"Goody! Goody!" sang out Miranda. "We had parks in Hawaii too, Harry. I love to go to the park. Do they have a seesaw?"

"I don't know for sure," replied Harry, uncertain what the child meant. "We'll just have to wait and see when we get there."

"OK, Harry," the girl agreed with a grin.

'At least she is easy to please,' Harry thought to himself as they started down the stairs. 'Whatever would I do if she were a second Dudley?' He shivered at the thought.

Halfway to the play park, they were accosted by Mrs. Figg. "Oh, coming to see me, were you, Harry? And is this Mirandy? Yes, you both have mail waiting. From the Ministry of Magic, one of your letters is. I can certainly understand why you're keen to read that one. Well, my cats won't starve without food for two hours more. Come along with you then."

"Ma'am?" Harry questioned blankly.

"Well, I'm not up on such things, being an old Squib, but Albus did mention something about OWL results-"

"My OWL results are at your house?" Harry questioned excitedly. "But why would they be there?"

"Your aunt and uncle didn't tell you?" Mrs. Figg queried, peering at him suspiciously. "Come along to my house and stay for tea. I'll explain everything, then you can tell me if Petunia and Vernon are living up to their side of the bargain." Turning, she began to lead the pair toward her home.

"I'm sorry, Mite," Harry whispered, leaning close to Miranda's ear. "I really think I need to check this out before we go to the park however."

"All right, Harry," the girl agreed. "But is she a stranger, please? Mommy, Daddy, Auntie Nell, Ee-Ee, and all the house elves all told me not to go with strangers."

"Uh, that is right, Mite. I don't want you to go with strangers either. When we get to her house, I'll introduce you to Mrs. Figg. She's not a stranger to me. She's my old baby-sitter."

"Oh, goody! Baby-sitters are not strangers, Harry."

The pair caught up with the older woman at her garden gate.

"Mrs. Figg, uh... This is my daughter, Miranda Elaine Bentley. She's seven years old..." Harry began awkwardly as soon as the front door had closed behind them.

"How do you do, Mirandy? My name is Mrs. Figg. I've known your new daddy since he was younger than you are now."

"I know," replied the girl calmly. "He told me that you were his babysitter. It's nice to meet you, ma'am. Are you my babysitter too, please?"

"If you ever need a babysitter, you may call on me, Mirandy," laughed the older woman. "It's very nice to meet you too. Come and sit down, both of you. I'll fetch the posts and put the kettle on to boil."

Soon Miranda received three parchments and Harry received four. "Who are my letters from, Harry-Daddy, please? I never gotted even one letter for myself before!"

Harry examined the letters. "This is from Ginny, this one from Professor McGonagall, and this from Professor Snape," he replied in the most patient voice he could muster. He had recognized Ron, Hermione, and Hagrid's writing on his letters and the official Ministry seal on the fourth seemed to be calling to him like a siren's song. "Which do you want to read first then?"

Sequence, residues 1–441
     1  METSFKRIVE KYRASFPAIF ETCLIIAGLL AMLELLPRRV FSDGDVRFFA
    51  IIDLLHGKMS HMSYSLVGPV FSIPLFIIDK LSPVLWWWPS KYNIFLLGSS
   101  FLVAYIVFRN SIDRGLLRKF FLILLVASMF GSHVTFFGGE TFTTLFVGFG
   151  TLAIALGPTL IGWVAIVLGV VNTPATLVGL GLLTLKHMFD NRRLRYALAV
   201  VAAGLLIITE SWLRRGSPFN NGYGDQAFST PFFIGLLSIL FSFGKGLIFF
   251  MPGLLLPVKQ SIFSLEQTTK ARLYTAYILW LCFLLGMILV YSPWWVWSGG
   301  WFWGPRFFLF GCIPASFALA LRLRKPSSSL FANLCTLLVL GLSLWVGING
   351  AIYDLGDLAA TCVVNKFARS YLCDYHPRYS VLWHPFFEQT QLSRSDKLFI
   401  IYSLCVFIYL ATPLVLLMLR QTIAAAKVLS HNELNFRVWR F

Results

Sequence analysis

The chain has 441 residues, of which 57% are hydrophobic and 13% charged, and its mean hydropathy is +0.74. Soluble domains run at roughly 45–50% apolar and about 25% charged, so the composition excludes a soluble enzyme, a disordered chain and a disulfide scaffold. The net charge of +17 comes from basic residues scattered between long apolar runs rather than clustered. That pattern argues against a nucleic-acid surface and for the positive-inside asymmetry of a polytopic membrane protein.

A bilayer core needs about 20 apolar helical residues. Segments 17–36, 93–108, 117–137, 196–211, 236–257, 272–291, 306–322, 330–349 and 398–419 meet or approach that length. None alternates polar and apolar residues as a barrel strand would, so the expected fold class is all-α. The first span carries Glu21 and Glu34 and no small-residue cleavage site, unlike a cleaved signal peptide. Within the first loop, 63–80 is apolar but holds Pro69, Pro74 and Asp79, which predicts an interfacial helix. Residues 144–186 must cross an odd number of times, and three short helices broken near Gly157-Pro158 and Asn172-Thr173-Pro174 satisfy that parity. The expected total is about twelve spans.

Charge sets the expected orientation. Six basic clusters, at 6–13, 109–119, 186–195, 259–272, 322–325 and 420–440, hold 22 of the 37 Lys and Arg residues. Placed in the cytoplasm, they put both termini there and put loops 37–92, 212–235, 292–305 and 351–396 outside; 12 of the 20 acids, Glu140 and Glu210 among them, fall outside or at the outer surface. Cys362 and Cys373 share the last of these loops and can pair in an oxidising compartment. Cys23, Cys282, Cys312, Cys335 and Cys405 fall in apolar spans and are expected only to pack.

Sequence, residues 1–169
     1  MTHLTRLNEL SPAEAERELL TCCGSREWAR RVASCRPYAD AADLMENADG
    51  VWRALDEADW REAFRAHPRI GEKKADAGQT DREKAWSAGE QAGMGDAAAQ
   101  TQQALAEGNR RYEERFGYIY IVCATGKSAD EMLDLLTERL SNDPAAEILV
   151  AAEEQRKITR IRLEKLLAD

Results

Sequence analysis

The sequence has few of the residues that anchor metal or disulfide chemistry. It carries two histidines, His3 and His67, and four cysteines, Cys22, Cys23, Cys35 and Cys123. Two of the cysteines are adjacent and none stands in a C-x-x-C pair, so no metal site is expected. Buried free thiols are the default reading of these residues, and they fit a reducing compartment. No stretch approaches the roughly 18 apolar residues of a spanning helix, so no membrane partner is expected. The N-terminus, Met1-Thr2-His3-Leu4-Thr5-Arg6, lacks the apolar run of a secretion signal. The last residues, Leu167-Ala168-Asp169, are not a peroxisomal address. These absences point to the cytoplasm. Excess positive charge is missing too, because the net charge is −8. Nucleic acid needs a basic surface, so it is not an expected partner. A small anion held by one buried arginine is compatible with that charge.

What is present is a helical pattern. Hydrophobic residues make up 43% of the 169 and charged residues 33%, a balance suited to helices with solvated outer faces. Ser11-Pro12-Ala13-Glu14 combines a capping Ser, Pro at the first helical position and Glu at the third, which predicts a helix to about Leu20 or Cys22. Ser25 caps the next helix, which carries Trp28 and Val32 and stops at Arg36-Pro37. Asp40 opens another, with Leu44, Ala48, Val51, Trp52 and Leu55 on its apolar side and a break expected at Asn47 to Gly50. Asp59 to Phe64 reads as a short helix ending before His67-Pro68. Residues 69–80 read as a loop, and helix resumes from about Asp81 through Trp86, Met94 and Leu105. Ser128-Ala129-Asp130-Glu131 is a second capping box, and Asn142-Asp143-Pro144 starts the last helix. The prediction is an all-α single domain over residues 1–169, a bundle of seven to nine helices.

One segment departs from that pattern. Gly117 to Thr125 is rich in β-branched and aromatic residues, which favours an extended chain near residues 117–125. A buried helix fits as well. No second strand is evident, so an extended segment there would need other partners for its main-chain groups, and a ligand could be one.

Mrs. Figg returned from the kitchen in time to hear that last part. "Why don't you let me help you read your letters first, Mirandy? That way you can impress your daddy by needing less help from him later."

"Harry?" queried the child excitedly then. "Please? I'd really love to be able to impress you with my reading."

Seeing nothing dangerous in this plan, since he had started trusting Mrs. Figg more ever since the previous summer when he'd realized she'd been protecting him for Albus Dumbledore, Harry nodded quickly. "All right then, Mite. Mrs. Figg is not a stranger, and I'd love for you to impress me." He grinned as he added silently to himself, 'To say nothing of the fact that I can check out my own mail in peace.'

As soon as the two had retired to Mrs. Figg's comfortable old recliner in the corner, Harry tore open the ministry envelope and read:

OWL Results for Harry James Potter. June 1995

Astronomy: Practical: A. Theoretical: E.

Care of Magical Creatures: Practical: O. Theoretical: E.

Charms: Practical: E. Theoretical: E.

Defense Against the Dark Arts: Practical: O. Theoretical: O.

Divination: Practical: P. Theoretical: P.

Herbology: Practical: E. Theoretical: A.

History of Magic: A.

Potions: Practical: O. Theoretical: O.

Transfiguration: Practical: E. Theoretical: E.

Total OWLs: 8

"Yahoo!" he cheered, startling even himself. Looking up in embarrassment, he met the questioning expressions of the room's other two occupants. "Uh... I, er, passed eight of my OWLs and now I can take the classes I want this year," he explained lamely. "Sorry for shouting and all, ma'am."

"Nonsense!" sniffed Arabella Figg. "You have every right to be proud and thrilled, Harry. Eight OWLs sounds wonderfully many to me. Getting the NEWT-level classes you want and need is nothing to turn your nose up at either. Now come right over here, and let us give you a hug."

"Er, well, yes, ma'am." Very red in the face, Harry approached the pair and permitted himself to be embraced and kissed.

"Congratulations!" said Mrs. Figg. "This calls for a party. Can you both come back Friday night at 7:00? I will bake a cake. What kind do you prefer?"

"Goody! Goody! I love chocolate with white icing." Miranda's eyes danced merrily. "Don't you like that too, Harry-Daddy?"